Stick pearls are made by inserting long strips of shell or a nucleus into the mantle of the mollusc. This allows an elongated pearl sac to form quickly. Once they have been nucleated, the mussels protect their flesh from the irritants by secreting nacre, the calcium-carbonate compound known more commonly as mother-of-pearl. Over the course of 2 to 7 years, the mussels deposit layer upon layer of nacre around the central nucleus. It is from pairs and groups of closely-spaced stick pearl sacs merging together that more or less flat pearls reaching an impressive size are harvested.
Lake Biwa in Japan produced pearls like these regularly for some years, so it is possible that a technique learned from there is being acknowledged by calling these pearls Biwa pearls. You can read more about it in this article.
The pearls in the necklace are V shaped and have a pale peach lustre. The clasp can be worn to one side - or at the back with the hair up, to display it to its best advantage - it most definitely warrants displaying. It is set off by a couple of enamelled beads from Rajasthan and little garnet beads between the pearl sticks.
Mini Tribal Necklace
Here's one more in the mini tribal series. I added a little crescent shaped pendant to tiny green seed beads to make a vibrant necklace.
The little paisley beads of blue howlite are set off by the lost wax bronze African beads. The peridot beads are just the right shade of green and go perfectly with the howlite.
I love labradorite - at first glance it is a pale grey insignificant stone - only when it is moved in the light does it come into it's own. The flash of colour that emanates from deep within the stone are like mini fireworks. I teamed labradorite with pale pink beads - the colours are so sophisticated together.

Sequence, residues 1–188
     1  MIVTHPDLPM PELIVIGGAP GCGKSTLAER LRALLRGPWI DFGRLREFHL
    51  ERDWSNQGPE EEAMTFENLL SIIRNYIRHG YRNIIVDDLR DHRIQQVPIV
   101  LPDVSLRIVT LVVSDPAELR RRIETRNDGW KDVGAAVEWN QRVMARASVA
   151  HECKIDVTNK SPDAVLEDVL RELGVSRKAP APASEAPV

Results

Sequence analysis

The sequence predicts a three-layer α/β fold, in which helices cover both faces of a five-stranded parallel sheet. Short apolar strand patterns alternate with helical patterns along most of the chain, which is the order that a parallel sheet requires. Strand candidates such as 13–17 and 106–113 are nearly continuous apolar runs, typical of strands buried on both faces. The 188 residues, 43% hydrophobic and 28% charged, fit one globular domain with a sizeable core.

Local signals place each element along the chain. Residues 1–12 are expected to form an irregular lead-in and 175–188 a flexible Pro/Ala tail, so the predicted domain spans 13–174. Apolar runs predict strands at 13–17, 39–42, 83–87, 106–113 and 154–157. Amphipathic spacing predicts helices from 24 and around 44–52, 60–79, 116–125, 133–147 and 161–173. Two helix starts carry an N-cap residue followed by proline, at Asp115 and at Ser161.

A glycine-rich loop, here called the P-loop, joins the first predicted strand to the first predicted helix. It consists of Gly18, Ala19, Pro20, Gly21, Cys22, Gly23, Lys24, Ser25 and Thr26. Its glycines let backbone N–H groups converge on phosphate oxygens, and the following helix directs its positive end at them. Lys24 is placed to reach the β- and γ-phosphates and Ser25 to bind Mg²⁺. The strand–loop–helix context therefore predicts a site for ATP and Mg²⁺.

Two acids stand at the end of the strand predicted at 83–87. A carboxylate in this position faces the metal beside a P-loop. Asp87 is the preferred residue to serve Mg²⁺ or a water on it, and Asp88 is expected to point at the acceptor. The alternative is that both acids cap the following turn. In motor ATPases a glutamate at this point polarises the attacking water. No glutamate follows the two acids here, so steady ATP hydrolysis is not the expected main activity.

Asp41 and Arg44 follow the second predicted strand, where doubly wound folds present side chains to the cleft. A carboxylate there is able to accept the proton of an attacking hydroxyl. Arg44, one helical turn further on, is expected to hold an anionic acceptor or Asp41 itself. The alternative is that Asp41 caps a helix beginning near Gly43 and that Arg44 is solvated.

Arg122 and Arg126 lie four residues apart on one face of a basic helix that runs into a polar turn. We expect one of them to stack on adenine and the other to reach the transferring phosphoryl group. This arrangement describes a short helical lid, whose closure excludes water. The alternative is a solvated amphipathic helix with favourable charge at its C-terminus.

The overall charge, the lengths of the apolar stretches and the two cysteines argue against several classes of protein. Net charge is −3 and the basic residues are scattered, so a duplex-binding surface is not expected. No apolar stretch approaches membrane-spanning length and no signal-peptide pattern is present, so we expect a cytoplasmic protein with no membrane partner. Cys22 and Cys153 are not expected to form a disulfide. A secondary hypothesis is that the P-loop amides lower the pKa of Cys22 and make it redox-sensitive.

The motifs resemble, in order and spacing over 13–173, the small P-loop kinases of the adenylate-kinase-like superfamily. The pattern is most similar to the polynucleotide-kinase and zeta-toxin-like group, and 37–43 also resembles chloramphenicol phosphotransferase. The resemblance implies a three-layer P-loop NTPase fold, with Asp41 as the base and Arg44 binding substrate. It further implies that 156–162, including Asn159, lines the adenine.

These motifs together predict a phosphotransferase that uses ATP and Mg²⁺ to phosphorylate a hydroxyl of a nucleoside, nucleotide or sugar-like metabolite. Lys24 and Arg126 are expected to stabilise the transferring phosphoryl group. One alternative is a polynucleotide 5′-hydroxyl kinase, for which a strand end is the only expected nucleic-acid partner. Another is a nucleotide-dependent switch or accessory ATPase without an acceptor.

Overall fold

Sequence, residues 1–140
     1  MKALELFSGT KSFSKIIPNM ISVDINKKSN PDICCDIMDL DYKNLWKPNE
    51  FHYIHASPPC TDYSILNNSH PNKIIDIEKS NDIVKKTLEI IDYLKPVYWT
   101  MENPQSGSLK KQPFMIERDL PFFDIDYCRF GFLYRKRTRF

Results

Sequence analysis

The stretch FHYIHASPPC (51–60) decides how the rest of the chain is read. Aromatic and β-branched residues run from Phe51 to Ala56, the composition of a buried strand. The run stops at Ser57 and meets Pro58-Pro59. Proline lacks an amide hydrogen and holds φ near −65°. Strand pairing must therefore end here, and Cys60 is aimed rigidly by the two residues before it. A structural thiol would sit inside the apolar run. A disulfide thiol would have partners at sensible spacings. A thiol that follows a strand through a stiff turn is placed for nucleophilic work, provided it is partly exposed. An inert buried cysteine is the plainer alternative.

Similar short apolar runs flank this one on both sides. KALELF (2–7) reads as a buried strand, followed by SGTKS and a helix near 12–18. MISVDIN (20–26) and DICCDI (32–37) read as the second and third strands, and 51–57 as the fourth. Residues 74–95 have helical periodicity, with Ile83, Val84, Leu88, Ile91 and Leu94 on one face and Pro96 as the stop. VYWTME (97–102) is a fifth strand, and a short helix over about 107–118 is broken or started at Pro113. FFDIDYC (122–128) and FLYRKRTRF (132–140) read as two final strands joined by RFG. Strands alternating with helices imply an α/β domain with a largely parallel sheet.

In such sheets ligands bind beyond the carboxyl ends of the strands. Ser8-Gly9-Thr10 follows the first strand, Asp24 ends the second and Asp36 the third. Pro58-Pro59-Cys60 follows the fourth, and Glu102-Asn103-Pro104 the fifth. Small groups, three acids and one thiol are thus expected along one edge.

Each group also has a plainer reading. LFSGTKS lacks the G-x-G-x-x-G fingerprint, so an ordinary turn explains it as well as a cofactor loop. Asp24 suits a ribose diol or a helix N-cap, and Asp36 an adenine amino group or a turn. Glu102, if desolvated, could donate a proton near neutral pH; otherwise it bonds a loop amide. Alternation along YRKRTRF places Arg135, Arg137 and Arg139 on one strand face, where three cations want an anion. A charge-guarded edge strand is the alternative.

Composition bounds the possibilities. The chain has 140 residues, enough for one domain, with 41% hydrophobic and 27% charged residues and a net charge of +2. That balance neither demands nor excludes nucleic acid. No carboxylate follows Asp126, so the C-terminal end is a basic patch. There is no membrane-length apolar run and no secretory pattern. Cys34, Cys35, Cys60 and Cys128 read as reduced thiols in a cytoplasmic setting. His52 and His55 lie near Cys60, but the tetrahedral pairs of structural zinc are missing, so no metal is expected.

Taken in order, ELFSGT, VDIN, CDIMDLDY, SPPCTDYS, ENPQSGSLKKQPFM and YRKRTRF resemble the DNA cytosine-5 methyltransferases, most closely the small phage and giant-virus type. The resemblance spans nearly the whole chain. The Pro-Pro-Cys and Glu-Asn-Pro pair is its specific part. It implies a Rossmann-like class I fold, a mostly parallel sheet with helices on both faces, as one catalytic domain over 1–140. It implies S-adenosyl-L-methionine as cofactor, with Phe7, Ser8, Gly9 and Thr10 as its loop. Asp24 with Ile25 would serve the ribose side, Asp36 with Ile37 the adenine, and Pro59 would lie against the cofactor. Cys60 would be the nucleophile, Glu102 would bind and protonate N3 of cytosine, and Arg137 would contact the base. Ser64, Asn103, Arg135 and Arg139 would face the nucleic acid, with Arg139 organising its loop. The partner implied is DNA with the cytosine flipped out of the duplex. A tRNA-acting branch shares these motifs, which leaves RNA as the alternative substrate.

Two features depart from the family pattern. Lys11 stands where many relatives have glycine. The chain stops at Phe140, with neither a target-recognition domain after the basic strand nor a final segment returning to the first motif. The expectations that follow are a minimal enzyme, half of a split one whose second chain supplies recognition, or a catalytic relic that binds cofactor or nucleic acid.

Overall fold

The pendant for this necklace came from the Banjara people in India and I teamed it with colourful beads in lucite, gemstones and polymer clay to make a vibrant necklace. The coins dripping from the lower edge of the pendant rustle pleasingly when moved.
And that's a wrap folks, in this, the final week of Caprilicious' fourth year. I am going to celebrate Diwali this weekend with a few friends. Have a great weekend and I'll catch up with you next Friday, same time, same place
Hello readers, thanks for stopping by to read about the statement jewellery made at Caprilicious this week. It was my privilege to provide a piece of jewellery to the Children's Unit at the hospital as a raffle prize - the manager who requested it of me was very complimentary about the piece I handed in - I was quietly pleased with it myself, and the reaction on the Facebook page was heartening when I posted some pictures there. The carved jade flower had been lying around in my stash, just waiting to be used and this is a very worthy cause, very close to my heart.
If you're wondering what the mention of statement jewellery in the opening line was all about - I've been reading blogging guides - and the theory is that a googlebot, which in my imagination looks like the picture above, worms it's way into a website and if the raison d'être of the blog is mentioned in the first few sentences, the botworm gets the message - and when people look for 'Handmade Statement Jewellery', the Caprilicious Jewellery website comes up in a Google search - having done this for a few weeks, I was quite gratified to find that I haven't been misguided by the bloggers guide.
However, I don't know any woman who goes to Google when she wants to look for handmade statement jewellery! I certainly wouldn't do a Google search to look for jewellery, would you?? What beats me is that knowing this fact doesn't make me chase the botworm any less frantically - just shows how competitive I really am, I suppose, and also that I like to test a theory before I accept it as common wisdom.
Anatevka was a fictional shtetl in Imperial Russia where the musical Fiddler on the Roof was set. We went to the Eutin Festival in Germany, where they had this musical on, inspiring me to create this necklace.
I acquired a necklace of hand knotted shell pearls in beautiful colours of bronze/ cream, peach and shades of grey - the pearls are large and very beautiful, and though I normally would have cut up the necklace to restring the pearls, this one was so well made, I couldn't bring myself to wantonly destroy someones painstaking work - in fact, I had to agree that I couldn't have done it better ( a rare admission for me ).